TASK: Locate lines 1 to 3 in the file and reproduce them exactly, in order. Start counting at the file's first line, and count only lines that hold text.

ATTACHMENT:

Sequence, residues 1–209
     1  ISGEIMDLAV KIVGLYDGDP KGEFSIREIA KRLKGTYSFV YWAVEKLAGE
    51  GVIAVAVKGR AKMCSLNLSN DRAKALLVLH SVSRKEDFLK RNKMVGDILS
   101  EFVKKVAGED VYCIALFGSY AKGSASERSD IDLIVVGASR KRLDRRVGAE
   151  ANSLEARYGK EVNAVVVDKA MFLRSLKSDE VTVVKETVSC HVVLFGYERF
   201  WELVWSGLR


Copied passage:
Sequence, residues 1–209
     1  ISGEIMDLAV KIVGLYDGDP KGEFSIREIA KRLKGTYSFV YWAVEKLAGE
    51  GVIAVAVKGR AKMCSLNLSN DRAKALLVLH SVSRKEDFLK RNKMVGDILS